Privy Council of Sweden

From Academic Kids

The Swedish Senate: Riksrådet, from 1809 Statsrådet, from 1975 "Regeringen" was and is the principal government institution of Sweden.

This article is part of the series
Politics of Sweden

The Swedish Senate, Senatus Regni Sueciae, originated as a council of Regional Magnates acting as advisers to the Monarch of the combined Realms of the Swedes (from 996, approximately). Foremost among these were the military commander, the Jarl (Earl), an office heritable within a younger branch of the House of the Kingdom of Nericia, one of the constituing parts of the Realm.

During the reign of Magnus I of Sweden (he was in fact the IInd) between 1275 and 1290 the meetings of the Senate became a permanent institution having the offices of Grand Master (Drots) or Chief Justice, Constable (Marsk) and Chancellor (Kansler) (who until the 1530ies allways was a Bishop).


Modern Sweden

Following the change of policies upon the death of Gustavus Adolphus in action at Lützen in 1632, the 1634 Constitution of Chancellor Axel Oxenstierna laid the foundation for the administration of modern Sweden. For instance, the subdivision into Län Counties is a legacy from this time.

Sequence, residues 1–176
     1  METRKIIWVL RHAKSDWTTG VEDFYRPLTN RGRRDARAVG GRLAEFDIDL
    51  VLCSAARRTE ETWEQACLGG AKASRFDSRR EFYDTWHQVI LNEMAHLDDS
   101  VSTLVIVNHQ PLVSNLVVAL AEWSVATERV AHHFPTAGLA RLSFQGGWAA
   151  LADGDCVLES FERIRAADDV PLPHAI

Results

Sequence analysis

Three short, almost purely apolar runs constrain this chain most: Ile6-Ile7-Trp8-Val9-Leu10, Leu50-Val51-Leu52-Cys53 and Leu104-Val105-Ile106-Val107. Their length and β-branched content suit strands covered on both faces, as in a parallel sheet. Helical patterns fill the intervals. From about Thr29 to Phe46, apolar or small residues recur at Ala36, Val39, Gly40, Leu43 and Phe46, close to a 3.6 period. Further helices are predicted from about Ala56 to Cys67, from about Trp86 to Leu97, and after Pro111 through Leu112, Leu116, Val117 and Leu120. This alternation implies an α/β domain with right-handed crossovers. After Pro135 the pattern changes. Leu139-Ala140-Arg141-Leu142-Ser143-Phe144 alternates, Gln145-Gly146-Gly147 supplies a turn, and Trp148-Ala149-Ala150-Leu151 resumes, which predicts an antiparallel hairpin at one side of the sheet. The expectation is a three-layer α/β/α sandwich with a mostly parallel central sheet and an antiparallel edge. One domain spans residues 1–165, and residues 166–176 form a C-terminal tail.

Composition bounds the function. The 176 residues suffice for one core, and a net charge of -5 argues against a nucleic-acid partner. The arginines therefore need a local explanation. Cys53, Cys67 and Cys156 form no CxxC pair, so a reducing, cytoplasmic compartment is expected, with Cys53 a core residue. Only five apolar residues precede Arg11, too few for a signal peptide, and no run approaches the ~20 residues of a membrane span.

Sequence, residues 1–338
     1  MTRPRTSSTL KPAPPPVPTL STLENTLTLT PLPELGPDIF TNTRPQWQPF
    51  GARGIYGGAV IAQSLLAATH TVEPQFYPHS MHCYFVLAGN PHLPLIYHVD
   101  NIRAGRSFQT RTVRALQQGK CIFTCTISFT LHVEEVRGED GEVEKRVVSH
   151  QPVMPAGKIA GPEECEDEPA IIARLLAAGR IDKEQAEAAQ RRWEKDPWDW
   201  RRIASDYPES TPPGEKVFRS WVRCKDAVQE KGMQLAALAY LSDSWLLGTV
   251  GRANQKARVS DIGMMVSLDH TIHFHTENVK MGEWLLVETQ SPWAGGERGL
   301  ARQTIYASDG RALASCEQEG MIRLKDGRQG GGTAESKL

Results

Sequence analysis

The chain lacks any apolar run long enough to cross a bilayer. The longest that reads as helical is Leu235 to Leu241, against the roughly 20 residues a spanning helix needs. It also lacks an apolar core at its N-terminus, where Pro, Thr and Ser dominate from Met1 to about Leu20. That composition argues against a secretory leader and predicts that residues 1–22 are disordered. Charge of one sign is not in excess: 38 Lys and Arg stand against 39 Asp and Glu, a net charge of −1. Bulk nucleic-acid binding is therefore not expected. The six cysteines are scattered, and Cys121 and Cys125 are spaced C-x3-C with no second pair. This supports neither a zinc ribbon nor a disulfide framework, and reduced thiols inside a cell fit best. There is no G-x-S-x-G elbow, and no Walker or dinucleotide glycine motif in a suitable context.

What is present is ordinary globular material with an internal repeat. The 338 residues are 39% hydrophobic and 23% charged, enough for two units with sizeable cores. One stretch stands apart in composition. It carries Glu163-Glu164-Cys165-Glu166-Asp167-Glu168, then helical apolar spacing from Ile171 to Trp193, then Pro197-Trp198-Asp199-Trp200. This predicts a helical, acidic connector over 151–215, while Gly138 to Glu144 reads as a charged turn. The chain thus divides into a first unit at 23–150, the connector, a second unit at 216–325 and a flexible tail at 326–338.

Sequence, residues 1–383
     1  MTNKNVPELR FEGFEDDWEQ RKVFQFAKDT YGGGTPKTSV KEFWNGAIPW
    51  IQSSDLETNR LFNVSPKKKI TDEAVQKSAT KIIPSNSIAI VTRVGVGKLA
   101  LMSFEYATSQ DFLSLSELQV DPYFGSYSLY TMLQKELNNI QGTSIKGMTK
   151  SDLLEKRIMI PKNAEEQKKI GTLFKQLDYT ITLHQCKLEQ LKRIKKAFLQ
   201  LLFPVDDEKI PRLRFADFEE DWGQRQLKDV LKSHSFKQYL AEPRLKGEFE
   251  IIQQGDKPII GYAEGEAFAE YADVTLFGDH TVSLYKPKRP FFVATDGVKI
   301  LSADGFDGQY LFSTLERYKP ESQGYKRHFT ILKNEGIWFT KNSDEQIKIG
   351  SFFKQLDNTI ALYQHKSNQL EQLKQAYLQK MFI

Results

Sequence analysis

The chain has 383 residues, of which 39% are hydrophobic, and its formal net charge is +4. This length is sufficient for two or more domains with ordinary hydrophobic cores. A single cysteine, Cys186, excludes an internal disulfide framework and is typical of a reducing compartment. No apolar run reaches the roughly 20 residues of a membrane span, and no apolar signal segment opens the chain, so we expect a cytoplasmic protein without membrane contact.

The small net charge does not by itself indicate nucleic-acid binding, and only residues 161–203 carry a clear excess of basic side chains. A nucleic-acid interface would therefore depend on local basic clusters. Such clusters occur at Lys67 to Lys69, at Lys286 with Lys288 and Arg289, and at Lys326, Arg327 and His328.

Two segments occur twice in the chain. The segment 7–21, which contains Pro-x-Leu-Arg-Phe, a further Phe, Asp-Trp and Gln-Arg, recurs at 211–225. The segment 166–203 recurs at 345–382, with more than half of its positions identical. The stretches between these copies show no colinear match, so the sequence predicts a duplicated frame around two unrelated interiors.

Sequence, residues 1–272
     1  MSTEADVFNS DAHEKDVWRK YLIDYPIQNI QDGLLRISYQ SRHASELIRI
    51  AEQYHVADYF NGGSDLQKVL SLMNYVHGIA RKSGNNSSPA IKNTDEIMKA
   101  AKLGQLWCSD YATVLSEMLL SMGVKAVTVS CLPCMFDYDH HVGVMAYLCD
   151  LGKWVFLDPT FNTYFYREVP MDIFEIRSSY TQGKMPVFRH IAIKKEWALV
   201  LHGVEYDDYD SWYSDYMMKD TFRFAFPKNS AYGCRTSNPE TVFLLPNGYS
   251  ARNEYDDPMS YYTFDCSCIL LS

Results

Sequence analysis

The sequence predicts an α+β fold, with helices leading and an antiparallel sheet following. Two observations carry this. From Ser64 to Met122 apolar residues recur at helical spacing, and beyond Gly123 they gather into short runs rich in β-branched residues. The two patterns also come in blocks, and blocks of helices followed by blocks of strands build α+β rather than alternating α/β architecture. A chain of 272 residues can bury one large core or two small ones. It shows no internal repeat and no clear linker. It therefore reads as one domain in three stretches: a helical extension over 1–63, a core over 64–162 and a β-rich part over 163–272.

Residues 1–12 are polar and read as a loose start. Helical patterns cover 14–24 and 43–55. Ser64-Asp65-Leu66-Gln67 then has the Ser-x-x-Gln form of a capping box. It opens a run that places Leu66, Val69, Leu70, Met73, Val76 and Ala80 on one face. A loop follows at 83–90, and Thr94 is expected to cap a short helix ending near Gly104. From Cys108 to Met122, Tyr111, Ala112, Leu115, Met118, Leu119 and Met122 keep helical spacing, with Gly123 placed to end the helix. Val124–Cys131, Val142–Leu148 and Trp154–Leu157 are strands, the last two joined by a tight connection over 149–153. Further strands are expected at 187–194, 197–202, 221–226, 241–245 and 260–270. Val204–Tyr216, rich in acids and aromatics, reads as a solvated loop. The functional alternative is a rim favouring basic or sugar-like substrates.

From 1634 the Senate was headed by the five Great Officers of the Realm, each leading a branch of government:

Parliamentarism vs. Absolute Monarchy

The translation of Senate and Senator as Council and Councillor is often seen, but none the less wrong. "Privy Council", as found here, is an absolute aberration. The word "råd" in Swedish has a dual meaning, both the advisor and the advise given, but "council" is a different thing alltogether from Senate.

The Senators of the Realm had the highest rank in the Kingdom after the Royal family and were styled the Kings Cousins. But a "councillor" may be found in a range of circumstances; City councillor and so on. Also, the 1809 name for the Swedish Government: Council of State, in Spain refers to a constitutional body distinct from the Government, and "Councillor of State" was in many countries an honorary title.

For the period 1680 to 1719 there is however, some justification for this misunderstanding.

From around 1672, the year of the coming of age of Charles XI, the Senate was assembled less and less frequently. The King ruled from his Cabinet "in Council", that is he formed an ad hoc group of a couple of trusted relations, maybe a Senator or two, a few secretaries and whomever could be knowledgeable, to discuss a particular matter or group of matters.

Then, as a consequence of the "Scanian war" 1674-1679, Charles XI was able to establish - with the approval of the Estates - an absolute Monarchy along the lines of Renaissance Absolutism. Senate, Parliament, local government, legal system, Church of Sweden, all were brought within the power of the King and his Secretaries.

This was the culmination of a long power-struggle between the Absolutist Kings and the republican leanings of the Aristocracy. The first of the Riksdag Acts ratifying the change of system was a declaration, that the King was not bound by the 1634 Constitution, which no King or Queen had ever consented to out of free will.

The Rikets Råd, the Senators of the Realm, were now called Kungliga Råd, Royal, being appointed and dismissed at the King's pleasure.